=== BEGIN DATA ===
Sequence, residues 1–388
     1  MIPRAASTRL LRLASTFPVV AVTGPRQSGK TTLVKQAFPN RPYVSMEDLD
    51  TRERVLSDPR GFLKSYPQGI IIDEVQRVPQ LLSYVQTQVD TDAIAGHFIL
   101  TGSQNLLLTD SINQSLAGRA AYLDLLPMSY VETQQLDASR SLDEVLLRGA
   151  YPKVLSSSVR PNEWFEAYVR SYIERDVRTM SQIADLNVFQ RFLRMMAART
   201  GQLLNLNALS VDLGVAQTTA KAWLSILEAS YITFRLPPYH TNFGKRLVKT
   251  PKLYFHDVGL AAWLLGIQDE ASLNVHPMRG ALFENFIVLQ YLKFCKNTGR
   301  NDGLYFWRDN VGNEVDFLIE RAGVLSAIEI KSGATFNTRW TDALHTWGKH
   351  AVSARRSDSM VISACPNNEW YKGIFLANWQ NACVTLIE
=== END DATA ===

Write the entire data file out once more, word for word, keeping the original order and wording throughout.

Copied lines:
Sequence, residues 1–388
     1  MIPRAASTRL LRLASTFPVV AVTGPRQSGK TTLVKQAFPN RPYVSMEDLD
    51  TRERVLSDPR GFLKSYPQGI IIDEVQRVPQ LLSYVQTQVD TDAIAGHFIL
   101  TGSQNLLLTD SINQSLAGRA AYLDLLPMSY VETQQLDASR SLDEVLLRGA
   151  YPKVLSSSVR PNEWFEAYVR SYIERDVRTM SQIADLNVFQ RFLRMMAART
   201  GQLLNLNALS VDLGVAQTTA KAWLSILEAS YITFRLPPYH TNFGKRLVKT
   251  PKLYFHDVGL AAWLLGIQDE ASLNVHPMRG ALFENFIVLQ YLKFCKNTGR
   301  NDGLYFWRDN VGNEVDFLIE RAGVLSAIEI KSGATFNTRW TDALHTWGKH
   351  AVSARRSDSM VISACPNNEW YKGIFLANWQ NACVTLIE